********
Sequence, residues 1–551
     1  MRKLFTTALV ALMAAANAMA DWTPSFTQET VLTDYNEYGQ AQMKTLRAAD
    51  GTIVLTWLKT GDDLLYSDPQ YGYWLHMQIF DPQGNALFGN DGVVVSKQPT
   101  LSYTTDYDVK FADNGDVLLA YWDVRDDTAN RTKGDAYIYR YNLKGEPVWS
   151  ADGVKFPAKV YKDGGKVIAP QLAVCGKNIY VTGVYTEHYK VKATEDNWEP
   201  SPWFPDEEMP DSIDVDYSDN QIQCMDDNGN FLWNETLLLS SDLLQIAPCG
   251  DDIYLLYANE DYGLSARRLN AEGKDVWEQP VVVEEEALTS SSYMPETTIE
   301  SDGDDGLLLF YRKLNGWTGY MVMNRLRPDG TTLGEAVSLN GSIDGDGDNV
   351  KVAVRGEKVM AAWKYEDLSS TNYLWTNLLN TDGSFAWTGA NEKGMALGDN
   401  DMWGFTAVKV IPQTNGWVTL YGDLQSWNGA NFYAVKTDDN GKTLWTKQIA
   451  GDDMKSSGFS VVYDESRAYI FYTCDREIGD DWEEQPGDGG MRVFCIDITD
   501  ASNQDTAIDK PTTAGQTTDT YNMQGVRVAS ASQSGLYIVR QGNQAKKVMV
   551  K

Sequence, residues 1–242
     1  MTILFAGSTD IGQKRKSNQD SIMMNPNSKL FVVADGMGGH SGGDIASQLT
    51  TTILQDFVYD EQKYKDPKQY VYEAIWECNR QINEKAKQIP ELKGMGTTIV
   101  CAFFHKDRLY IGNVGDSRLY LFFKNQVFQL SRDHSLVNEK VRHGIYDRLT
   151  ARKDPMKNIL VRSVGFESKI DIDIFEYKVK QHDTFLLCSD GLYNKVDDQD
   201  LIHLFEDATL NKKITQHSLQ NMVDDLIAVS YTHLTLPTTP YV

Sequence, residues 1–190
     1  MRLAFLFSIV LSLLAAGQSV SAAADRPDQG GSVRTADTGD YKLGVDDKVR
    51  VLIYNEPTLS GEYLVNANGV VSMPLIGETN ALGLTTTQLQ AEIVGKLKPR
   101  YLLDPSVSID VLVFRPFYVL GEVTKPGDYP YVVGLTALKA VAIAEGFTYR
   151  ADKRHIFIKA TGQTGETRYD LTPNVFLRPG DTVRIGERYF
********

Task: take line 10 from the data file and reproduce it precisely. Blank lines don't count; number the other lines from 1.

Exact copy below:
   401  DMWGFTAVKV IPQTNGWVTL YGDLQSWNGA NFYAVKTDDN GKTLWTKQIA